By Linda Rex
I was sitting in a restaurant the other day with my family. Looking around the restaurant, I noticed a sight which is quite commonplace today—everyone at the table was looking at their smart phone. I was a little amused, because just a few minutes before that, I had caught myself looking at mine when I really didn’t need to.
It can be a real challenge to stay present in the moment with family, friends, and the task at hand, because there are so many distractions. Believe me—I love my smart phone. But I have had to learn to limit its use, or I will not be present to what is going on right in front of me and will miss valuable moments in my relationships and home life.
I think there are things we can learn about our relationship with God from this. Years ago, I believed the Holy Spirit was the substance God was made up of, that the Spirit was a force or power, but definitely not a Person. To see the Spirit as an object or force meant I was always having to ask God for more of the Spirit. Even though, as I believed then, I had been given the Spirit at baptism and God wouldn’t take the Spirit away, I was still in danger of Spirit starvation.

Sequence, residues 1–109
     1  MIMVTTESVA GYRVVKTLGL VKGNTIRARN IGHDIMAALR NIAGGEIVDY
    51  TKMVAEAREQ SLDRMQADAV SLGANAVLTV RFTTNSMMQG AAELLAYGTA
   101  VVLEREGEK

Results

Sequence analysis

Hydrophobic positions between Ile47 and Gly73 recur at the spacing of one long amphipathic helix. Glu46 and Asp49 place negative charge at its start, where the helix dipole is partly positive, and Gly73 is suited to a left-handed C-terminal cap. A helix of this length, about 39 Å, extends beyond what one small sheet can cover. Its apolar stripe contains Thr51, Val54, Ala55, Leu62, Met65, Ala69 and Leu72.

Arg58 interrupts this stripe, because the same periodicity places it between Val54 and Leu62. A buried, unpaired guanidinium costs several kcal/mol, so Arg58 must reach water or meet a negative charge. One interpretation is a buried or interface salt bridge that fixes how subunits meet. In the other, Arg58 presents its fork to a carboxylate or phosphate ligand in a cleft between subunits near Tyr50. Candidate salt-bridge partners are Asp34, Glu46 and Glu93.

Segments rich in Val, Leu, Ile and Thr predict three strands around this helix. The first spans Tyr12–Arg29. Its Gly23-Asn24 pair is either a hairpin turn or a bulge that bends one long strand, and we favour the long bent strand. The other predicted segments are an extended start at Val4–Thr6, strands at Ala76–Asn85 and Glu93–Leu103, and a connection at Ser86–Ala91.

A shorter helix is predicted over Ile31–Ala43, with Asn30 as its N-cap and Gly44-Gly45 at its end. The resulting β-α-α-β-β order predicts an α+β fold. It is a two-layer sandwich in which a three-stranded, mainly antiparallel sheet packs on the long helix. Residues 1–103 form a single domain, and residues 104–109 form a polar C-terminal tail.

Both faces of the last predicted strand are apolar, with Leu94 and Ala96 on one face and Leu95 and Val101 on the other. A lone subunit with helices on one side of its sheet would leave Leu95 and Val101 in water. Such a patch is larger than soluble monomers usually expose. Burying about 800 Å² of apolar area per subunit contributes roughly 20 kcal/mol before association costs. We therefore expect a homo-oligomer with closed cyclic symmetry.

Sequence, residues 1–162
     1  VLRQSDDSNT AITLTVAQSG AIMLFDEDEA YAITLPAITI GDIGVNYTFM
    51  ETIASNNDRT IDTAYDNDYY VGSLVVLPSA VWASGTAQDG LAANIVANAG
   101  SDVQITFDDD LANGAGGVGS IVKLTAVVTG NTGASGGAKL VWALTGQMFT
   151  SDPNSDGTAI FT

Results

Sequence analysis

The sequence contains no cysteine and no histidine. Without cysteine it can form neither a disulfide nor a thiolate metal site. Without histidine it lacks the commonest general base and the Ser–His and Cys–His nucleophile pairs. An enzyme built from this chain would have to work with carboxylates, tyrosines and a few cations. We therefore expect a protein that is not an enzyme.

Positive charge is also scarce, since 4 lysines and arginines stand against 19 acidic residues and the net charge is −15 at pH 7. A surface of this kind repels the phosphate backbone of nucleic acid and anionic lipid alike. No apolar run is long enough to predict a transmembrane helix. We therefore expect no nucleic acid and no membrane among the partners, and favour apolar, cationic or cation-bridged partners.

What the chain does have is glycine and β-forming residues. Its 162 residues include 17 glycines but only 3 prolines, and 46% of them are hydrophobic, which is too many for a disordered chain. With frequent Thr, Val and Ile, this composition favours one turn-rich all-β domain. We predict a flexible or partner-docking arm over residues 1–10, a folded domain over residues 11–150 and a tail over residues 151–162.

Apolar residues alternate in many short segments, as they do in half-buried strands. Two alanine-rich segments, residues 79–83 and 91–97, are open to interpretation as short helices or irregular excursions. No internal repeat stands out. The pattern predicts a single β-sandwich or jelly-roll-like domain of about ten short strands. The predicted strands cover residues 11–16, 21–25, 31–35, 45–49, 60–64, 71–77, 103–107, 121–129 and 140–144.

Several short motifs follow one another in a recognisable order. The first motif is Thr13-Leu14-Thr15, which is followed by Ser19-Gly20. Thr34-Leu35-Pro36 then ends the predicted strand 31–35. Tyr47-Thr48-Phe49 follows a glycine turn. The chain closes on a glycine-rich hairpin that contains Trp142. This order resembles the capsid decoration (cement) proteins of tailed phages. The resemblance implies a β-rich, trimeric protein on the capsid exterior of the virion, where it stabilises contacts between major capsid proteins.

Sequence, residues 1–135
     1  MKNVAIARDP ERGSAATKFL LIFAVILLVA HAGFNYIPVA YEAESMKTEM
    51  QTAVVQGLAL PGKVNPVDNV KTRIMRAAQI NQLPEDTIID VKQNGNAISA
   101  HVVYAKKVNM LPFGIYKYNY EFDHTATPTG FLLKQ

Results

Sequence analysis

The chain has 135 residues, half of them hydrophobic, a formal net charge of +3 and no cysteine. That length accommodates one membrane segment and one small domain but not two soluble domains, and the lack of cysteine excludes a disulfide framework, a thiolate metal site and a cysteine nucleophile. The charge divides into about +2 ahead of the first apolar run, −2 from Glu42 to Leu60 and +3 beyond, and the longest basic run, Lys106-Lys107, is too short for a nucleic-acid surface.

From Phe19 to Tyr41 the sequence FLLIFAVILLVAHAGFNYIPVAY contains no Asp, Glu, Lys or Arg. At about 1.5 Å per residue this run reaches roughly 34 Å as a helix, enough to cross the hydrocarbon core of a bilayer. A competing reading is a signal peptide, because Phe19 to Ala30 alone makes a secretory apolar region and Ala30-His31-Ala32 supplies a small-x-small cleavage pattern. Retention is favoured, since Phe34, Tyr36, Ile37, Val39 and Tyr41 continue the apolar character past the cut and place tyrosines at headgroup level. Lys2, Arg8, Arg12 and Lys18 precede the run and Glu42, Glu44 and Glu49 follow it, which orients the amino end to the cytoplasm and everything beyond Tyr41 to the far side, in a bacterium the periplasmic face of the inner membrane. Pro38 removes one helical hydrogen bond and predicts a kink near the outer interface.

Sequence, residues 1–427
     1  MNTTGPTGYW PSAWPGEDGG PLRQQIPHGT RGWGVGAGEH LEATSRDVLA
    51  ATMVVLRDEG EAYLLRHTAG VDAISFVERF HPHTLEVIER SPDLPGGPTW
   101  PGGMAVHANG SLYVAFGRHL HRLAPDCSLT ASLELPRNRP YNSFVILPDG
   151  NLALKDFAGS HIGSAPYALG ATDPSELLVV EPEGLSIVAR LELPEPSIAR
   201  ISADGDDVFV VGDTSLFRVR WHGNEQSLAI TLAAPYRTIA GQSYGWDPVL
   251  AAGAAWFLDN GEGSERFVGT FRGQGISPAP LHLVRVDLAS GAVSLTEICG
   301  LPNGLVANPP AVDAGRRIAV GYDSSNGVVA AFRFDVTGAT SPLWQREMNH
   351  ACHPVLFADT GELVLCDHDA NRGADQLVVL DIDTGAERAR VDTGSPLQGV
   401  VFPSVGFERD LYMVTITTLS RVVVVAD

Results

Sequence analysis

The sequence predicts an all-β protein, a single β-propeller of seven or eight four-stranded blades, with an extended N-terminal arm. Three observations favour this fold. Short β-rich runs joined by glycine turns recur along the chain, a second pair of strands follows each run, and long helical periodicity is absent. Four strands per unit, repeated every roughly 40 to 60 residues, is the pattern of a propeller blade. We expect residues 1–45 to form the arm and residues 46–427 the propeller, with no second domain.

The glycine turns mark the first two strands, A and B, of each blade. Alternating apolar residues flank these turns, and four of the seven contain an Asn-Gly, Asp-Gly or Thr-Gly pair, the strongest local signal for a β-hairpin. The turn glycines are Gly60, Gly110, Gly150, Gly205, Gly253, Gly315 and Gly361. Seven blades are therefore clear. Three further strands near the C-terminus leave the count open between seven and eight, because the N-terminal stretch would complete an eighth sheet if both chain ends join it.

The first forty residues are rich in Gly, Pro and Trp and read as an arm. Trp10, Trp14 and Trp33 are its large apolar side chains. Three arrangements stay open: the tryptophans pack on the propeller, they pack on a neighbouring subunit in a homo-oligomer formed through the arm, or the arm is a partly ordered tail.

A song I fell in love with in those days was “More Love, More Power.”(1) This is a great song which was very inspiring to sing. But I began to see that it began with a false paradigm. This paradigm said—I don’t have enough love or power from God—I am starving spiritually. I only have a little bit of God’s power, so I have got to have more or I’m in real trouble. I desperately need God to give me more or I can’t be good enough (so I will be worthy of God’s love and attention or be a good person).
When Jesus spoke about the Holy Spirit, though, he did not seem to use this type of terminology. He spoke of the Holy Spirit as being a Person like himself (John 14:26; 15:26; 16:13) Yes, he spoke about the Spirit as being given or poured out. Jesus said the disciples would be baptized with the Holy Spirit on Pentecost. But Christ made it quite clear that the Holy Spirit was not just a power or force—he was a Person who would not speak on his own initiative but according to the Father’s will, guide them into all truth, and testify to them about Jesus.